We arrived at around 7:00pm on a Saturday night. It was empty inside, although their patio was definitely being utilized. We seated ourselves indoors just shy of the patio to get the fresh air without the crazy heat. Our server came over with menus and started talking about happy hour before realizing that it was actually too late for us to order any specials. Still, I asked her what they usually offer during that time, so I could make note of it for my YEG Food Deals pages. She admitted that they didn’t actually have anything solid in place yet.

The interior of Station on Jasper has a kind of indoor-outdoor feel with the lights.

It turns out that when the business transferred over to the new owners, they literally hired all staff within a two week period, set a date and opened their doors. As I soaked in my surroundings, I could see that the design of the bar and restaurant was largely unchanged. The exact same tables, chairs and setup as before were being used. As I mentioned, the menu was visibly different, but the drink selection was fairly scant with them sticking only to classic cocktails.

Personally, I found the pricing for the dinner mains to be a bit high. Instead, I focused on the rest of the comfort food by way of the south menu created by executive chef Michael Darby. With a variety of sandwiches and pizzas at relatively affordable prices, they were the more reasonable option. Kirk got a local beer on tap ($6.19) and the Station Burger ($14). I opted for the PB&J Firebread Sandwich ($12).

Station Burger

Johnny Lee, one of their bar managers, spoke with us and he said that the Station Burger was probably the most simple thing on the menu and suggested Kirk order the Po’ Boy next time. Johnny wasn’t wrong. The burger had been changed from being topped with candied bacon, caramelized onion, smoked Gruyere and Station Sauce to cheese, mixed greens, sauce and a few grape tomato halves. There was still a decent flavour to the meat. Nevertheless, it wasn’t what we had hoped for. Having stated that the patty is made of hand-formed Alberta beef, we thought it’d be freshly pressed. While it wasn’t necessarily a mass produced frozen burger, it clearly didn’t meet our expectations and could have used more charring. On the side, the blanched fries were decent. These are supposedly hand-cut and that seemed to be the case.

PB&J Firebread Sandwich

Their PB&J Firebread Sandwich fared better overall. The long toasted bun was laid with arugula, seven spice blend pork belly, a sunny side up egg, grilled peaches and some sort of aioli. I tend to shy away from toasty bread because I often scrape my mouth with the sharper edges. This was alright though. It held the components of the sandwich together well. To avoid a huge mess with the egg, I broke the yolk first and then cut the whole thing in half, spreading it out across the length of the bread. Then, I clamped it shut. This item has a lot of potential. Sure, I felt the pork belly was a tad too fatty in spots, but it was seared nicely and the saltiness was balanced out by the bitter greens and sweet peaches. My one big criticism to the kitchen was that the grilled peaches were too chunky. They fell out when I took bites, so I suggested that they create a peach chutney instead. It’d allow for the flavour to come through in every bite rather than sporadically.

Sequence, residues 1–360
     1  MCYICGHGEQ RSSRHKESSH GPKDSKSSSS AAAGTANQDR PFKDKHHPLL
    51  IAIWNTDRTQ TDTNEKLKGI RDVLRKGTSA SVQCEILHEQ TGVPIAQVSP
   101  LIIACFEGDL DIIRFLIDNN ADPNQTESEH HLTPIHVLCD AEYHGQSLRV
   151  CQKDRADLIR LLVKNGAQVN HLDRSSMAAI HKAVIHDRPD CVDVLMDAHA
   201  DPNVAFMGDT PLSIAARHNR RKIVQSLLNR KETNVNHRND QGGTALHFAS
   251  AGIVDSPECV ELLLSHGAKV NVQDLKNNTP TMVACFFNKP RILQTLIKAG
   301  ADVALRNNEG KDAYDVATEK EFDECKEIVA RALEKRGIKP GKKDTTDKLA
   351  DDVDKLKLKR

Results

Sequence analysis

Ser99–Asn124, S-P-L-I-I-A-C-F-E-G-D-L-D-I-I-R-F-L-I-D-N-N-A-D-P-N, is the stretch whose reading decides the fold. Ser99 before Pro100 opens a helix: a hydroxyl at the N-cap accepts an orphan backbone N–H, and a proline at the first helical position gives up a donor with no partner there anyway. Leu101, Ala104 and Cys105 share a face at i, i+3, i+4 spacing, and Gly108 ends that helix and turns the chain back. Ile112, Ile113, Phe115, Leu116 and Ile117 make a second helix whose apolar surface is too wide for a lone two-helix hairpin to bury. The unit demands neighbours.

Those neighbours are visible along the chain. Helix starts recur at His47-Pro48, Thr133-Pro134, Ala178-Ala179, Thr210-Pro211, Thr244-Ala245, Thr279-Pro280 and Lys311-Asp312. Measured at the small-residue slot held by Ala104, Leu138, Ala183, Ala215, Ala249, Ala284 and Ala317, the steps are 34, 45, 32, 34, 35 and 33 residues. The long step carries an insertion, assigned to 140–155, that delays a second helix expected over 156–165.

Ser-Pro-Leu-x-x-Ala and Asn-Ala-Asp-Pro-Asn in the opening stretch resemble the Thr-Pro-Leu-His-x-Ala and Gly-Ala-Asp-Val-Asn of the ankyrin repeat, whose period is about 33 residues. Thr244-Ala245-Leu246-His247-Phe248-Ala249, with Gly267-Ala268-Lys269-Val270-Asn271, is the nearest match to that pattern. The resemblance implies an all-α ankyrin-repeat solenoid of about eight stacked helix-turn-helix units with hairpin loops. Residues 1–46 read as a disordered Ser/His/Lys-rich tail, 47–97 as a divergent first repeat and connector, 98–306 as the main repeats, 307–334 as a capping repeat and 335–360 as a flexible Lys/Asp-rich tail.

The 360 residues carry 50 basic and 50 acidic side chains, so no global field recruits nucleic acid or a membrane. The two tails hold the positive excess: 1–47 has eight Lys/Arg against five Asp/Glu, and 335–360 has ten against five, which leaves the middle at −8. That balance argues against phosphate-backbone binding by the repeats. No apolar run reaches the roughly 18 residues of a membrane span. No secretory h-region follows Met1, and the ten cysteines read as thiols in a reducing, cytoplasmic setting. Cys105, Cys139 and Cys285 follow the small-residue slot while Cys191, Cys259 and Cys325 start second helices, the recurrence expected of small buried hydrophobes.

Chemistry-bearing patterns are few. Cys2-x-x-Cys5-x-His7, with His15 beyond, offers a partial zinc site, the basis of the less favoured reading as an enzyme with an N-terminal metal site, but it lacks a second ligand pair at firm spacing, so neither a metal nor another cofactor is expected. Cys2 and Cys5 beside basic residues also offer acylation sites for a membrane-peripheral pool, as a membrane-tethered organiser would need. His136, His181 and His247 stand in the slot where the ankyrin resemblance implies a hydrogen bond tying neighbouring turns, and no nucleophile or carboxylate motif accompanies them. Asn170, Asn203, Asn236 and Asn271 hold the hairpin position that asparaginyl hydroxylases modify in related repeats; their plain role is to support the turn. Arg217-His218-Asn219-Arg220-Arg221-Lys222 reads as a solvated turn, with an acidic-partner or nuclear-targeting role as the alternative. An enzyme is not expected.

After we finished our meal, Johnny came back to chat about the dishes and their quick opening. He then took the time to show us the music stages, including the main venue tucked in a side room towards the back. It’s a neat tiered space. Between that area and the back of the main dining room, they can apparently accommodate up to 400 guests per show. Johnny also excitedly told us about their plans for a hidden speakeasy, which I’m interested to visit when it gets up and running.

When it was announced Station on Jasper would be opening at the end of June, there was speculation that the previous owners were still involved with the new business . However, that has since been refuted. Mark Chisholm, their other bar manager, also introduced himself while we were there. Both Johnny and Mark are a hundred per cent invested in seeing Station on Jasper succeed. They especially want everyone who works there and who comes through their doors to feel protected. All of their staff have to go through regular mandatory training through their partnership with the Sexual Assault Centre of Edmonton (SACE), so staff are not just aware of their own actions, but are also knowledgeable enough to spot situations that may arise with patrons. It was great to hear that they’re taking the steps to ensure that their business remains a safe place for everyone.

Station on Jasper was also able to sign on a number of big name Canadian artists like Serena Ryder and Lights for their launch, and they have a roster of other performers coming through the venue later this year. If they were in any way connected to the tarred reputation of the Needle, I’m pretty certain that information would have come out by now and they wouldn’t have been able to successfully book the shows that they have.

Walking out that night, Kirk and I felt that Station on Jasper was on the right track. They’re beginning to solidify their space in the community by booking as much local talent as possible. They’re working with neighbouring businesses to help highlight musicians in any way they can. Most of all, they want to be there to nourish Edmontonians through their stomachs and their musical souls. We wish them the best of luck!

Edmonton Restaurant Review: Silk Bar Kitchen